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J Stroke. 2018 May;20(2):167-179. English. Original Article. https://doi.org/10.5853/jos.2018.00787
Tsai HH , Kim JS , Jouvent E , Gurol ME .
Department of Neurology, National Taiwan University Hospital, Taipei, Taiwan.
Department of Neurology, National Taiwan University Hospital Bei-Hu Branch, Taipei, Taiwan.
Department of Neurology, Asan Medical Center, University of Ulsan College of Medicine, Seoul, Korea.
Department of Neurology, University Paris Diderot, Paris, France.
Department of Neurology, Massachusetts General Hospital, Harvard Medical School, Boston, MA, USA. edip@mail.harvard.edu
Abstract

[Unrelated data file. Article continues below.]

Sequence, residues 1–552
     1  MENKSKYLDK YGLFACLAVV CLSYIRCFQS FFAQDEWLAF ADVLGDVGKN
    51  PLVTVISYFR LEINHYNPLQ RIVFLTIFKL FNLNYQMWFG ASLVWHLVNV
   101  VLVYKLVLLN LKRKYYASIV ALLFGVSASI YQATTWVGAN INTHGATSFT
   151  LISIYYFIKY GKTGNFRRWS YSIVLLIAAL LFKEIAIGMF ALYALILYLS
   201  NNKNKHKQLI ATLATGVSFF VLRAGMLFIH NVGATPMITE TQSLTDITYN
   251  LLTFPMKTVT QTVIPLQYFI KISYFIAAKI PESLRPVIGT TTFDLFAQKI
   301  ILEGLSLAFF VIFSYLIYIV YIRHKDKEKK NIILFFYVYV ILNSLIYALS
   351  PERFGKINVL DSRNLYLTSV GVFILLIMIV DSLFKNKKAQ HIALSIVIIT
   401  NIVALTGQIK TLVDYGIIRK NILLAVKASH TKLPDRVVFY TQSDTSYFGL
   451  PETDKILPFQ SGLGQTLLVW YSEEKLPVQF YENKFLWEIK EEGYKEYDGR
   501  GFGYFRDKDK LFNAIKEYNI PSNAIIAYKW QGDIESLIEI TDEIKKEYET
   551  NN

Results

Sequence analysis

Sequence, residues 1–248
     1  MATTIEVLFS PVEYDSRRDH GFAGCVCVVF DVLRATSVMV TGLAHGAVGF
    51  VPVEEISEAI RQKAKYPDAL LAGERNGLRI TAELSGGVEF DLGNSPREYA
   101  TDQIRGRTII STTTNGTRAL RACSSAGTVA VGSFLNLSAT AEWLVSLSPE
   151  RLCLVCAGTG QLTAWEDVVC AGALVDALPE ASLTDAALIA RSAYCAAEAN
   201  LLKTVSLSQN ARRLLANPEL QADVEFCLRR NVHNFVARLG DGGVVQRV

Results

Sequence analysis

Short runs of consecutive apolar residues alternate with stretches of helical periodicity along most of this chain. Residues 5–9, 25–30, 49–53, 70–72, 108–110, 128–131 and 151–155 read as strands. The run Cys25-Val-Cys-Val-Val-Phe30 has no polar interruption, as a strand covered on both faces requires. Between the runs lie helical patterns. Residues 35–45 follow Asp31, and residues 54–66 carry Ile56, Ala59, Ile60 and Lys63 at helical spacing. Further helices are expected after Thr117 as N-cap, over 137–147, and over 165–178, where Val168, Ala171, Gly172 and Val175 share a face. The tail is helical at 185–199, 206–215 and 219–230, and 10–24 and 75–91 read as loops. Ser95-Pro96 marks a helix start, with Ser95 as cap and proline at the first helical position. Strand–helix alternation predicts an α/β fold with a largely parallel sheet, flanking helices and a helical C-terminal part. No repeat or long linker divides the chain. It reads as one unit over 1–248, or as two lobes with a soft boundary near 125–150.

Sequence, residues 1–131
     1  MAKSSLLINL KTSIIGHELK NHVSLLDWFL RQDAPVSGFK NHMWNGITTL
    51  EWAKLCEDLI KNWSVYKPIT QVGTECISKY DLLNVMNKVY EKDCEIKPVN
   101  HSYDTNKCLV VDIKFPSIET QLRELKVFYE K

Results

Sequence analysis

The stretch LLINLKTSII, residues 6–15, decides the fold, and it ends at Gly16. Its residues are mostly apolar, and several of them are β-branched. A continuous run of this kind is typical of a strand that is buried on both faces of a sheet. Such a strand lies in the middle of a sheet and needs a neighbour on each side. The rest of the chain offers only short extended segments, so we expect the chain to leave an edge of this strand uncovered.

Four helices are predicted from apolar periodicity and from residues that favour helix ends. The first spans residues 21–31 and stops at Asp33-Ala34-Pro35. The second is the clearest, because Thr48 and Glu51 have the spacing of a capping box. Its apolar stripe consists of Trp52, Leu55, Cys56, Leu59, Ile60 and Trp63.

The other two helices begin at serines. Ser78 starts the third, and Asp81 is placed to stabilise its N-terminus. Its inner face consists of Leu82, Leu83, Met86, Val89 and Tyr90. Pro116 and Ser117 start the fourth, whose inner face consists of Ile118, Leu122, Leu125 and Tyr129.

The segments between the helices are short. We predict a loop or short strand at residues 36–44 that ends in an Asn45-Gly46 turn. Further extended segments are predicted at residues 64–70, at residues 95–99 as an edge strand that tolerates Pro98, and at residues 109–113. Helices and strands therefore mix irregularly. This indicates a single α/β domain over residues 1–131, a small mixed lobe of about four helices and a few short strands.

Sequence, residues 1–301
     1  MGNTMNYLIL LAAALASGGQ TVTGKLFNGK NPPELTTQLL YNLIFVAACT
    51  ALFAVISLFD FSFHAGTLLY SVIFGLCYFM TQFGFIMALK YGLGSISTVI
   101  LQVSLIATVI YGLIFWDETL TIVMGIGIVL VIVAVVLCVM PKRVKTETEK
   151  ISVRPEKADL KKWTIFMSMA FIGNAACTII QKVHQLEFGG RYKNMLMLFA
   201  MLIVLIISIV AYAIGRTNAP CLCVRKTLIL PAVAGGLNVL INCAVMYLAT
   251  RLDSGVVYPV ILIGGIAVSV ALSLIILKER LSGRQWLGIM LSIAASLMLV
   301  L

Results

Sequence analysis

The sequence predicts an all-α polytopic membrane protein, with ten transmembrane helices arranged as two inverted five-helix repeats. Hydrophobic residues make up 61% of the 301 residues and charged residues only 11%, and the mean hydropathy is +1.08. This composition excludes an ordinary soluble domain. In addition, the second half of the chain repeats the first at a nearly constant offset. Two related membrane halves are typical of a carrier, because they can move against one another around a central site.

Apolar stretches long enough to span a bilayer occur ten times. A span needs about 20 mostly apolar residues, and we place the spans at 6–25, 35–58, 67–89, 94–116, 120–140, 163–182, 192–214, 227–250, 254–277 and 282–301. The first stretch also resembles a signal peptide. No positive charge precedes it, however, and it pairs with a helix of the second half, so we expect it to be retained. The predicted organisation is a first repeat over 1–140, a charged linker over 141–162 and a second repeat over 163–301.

Intracerebral hemorrhage (ICH) and lacunar infarction (LI) are the major acute clinical manifestations of cerebral small vessel diseases (cSVDs). Hypertensive small vessel disease, cerebral amyloid angiopathy, and hereditary causes, such as Cerebral Autosomal Dominant Arteriopathy with Subcortical Infarcts and Leukoencephalopathy (CADASIL), constitute the three common cSVD categories. Diagnosing the underlying vascular pathology in these patients is important because the risk and types of recurrent strokes show significant differences. Recent advances in our understanding of the cSVD-related radiological markers have improved our ability to stratify ICH risk in individual patients, which helps guide antithrombotic decisions. There are general good-practice measures for stroke prevention in patients with cSVD, such as optimal blood pressure and glycemic control, while individualized measures tailored for particular patients are often needed. Antithrombotic combinations and anticoagulants should be avoided in cSVD treatment, as they increase the risk of potentially fatal ICH without necessarily lowering LI risk in these patients. Even when indicated for a concurrent pathology, such as nonvalvular atrial fibrillation, nonpharmacological approaches should be considered in the presence of cSVD. More data are emerging regarding the presentation, clinical course, and diagnostic markers of hereditary cSVD, allowing accurate diagnosis, and therefore, guiding management of symptomatic patients. When suspicion for asymptomatic hereditary cSVD exists, the pros and cons of prescribing genetic testing should be discussed in detail in the absence of any curative treatment. Recent data regarding diagnosis, risk stratification, and specific preventive approaches for both sporadic and hereditary cSVDs are discussed in this review article.

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